“Stay Awake…”
Romans 13:(8–10) 11–14


Grace to you and peace from God our Father, and from our Lord and Savior Jesus Christ. Amen.



As St. Paul says in our text, we know the present time in which we live. We know that this time, this present world, offers all kinds of enticements that can hinder Christians from being faithful. And so, we are not to live thoughtlessly or indifferently; we are to consider carefully these days in which we live and their significance. We are not of this world, Jesus tells us, but we are certainly in it, and we can’t avoid that. Careful discernment is required so that we might understand our days but not get caught up in them. And that is what the apostle means when he says that it is high time to awaken. It is time to shake off that drowsy carelessness into which we so easily fall. It is time to be alert, to be fully aware of what is going on around us, focused on believing what is true and doing what is right and God-pleasing.

And we really have the most wonderful motivation for this. St. Paul tells us,“Salvation is nearer to us now than when we first believed.” Every day, every hour, brings our final deliverance nearer. If nothing else, that just makes mathematical sense. God has appointed the day on which our Lord Jesus Christ will return; that will not change. Every day that passes brings us that much closer. The salvation we have already received by grace in Holy Baptism, the salvation nurtured in Word and Sacrament, will soon be revealed in all its eternal fullness when Jesus returns. That moment has come nearer even as we speak.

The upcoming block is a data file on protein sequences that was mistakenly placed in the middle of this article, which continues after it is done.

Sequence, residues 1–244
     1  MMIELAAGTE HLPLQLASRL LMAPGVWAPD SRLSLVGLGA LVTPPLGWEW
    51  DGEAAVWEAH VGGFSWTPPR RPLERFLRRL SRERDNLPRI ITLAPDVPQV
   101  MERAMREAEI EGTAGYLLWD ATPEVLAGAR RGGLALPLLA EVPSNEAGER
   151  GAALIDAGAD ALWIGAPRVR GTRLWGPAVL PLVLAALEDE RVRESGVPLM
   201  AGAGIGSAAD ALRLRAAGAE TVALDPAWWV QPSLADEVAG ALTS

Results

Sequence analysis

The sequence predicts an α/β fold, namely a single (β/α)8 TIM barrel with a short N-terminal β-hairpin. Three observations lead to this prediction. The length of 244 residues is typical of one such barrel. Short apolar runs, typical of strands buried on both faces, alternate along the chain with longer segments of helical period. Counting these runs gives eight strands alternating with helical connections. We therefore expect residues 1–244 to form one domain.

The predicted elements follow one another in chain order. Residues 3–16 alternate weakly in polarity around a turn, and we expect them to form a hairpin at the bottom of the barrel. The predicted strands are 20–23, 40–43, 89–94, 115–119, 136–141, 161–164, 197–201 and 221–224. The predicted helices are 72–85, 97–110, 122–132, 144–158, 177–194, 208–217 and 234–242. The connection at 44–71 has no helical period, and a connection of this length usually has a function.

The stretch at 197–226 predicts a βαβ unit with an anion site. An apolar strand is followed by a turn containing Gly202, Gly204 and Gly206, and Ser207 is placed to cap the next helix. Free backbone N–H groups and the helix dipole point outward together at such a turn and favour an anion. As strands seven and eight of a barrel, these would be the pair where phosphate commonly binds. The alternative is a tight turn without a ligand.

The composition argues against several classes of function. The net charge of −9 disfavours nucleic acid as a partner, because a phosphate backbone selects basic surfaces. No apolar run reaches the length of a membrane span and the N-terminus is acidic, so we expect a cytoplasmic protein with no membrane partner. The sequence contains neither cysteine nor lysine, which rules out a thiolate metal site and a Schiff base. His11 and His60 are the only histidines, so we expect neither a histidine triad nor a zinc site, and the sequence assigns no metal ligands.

“The night is far gone, the day is at hand.” That night of which the apostle speaks is our present time, and all the years of sinful futility that have led up to our present day—all of them full of the darkness of sin and death. The day is the return of Christ, preceded by all of the promises made in Holy Scripture that He would return, just as He said. The truth is, those promises have always been there, shedding light on the lives of the faithful. Too often we have let darkness crowd out that light.

The apostle admonishes us to “...cast off the works of darkness and put on the armor of light.” The devil is constantly working at dragging us back into the darkness of sin, those fleshly excesses that turn our attention totally to ourselves and away from God and the life He sets before us. And our sinful flesh easily succumbs to those things. In truth, this is spiritual warfare. The armor that Paul speaks of emphasizes the fact that the life of faith is a constant battle against the forces of evil. And the only sure and certain defense is the “armor of light,” the truth of Jesus Christ and His saving work for us, and His powerful Word that keeps us faithful in these things. In this way, we will “walk properly, as in the day time.” We will be enabled by the Holy Spirit to lead lives we need never be ashamed of. For we know and believe that we are living at the edge of the dawn of eternity, ever mindful of the presence of the Lord.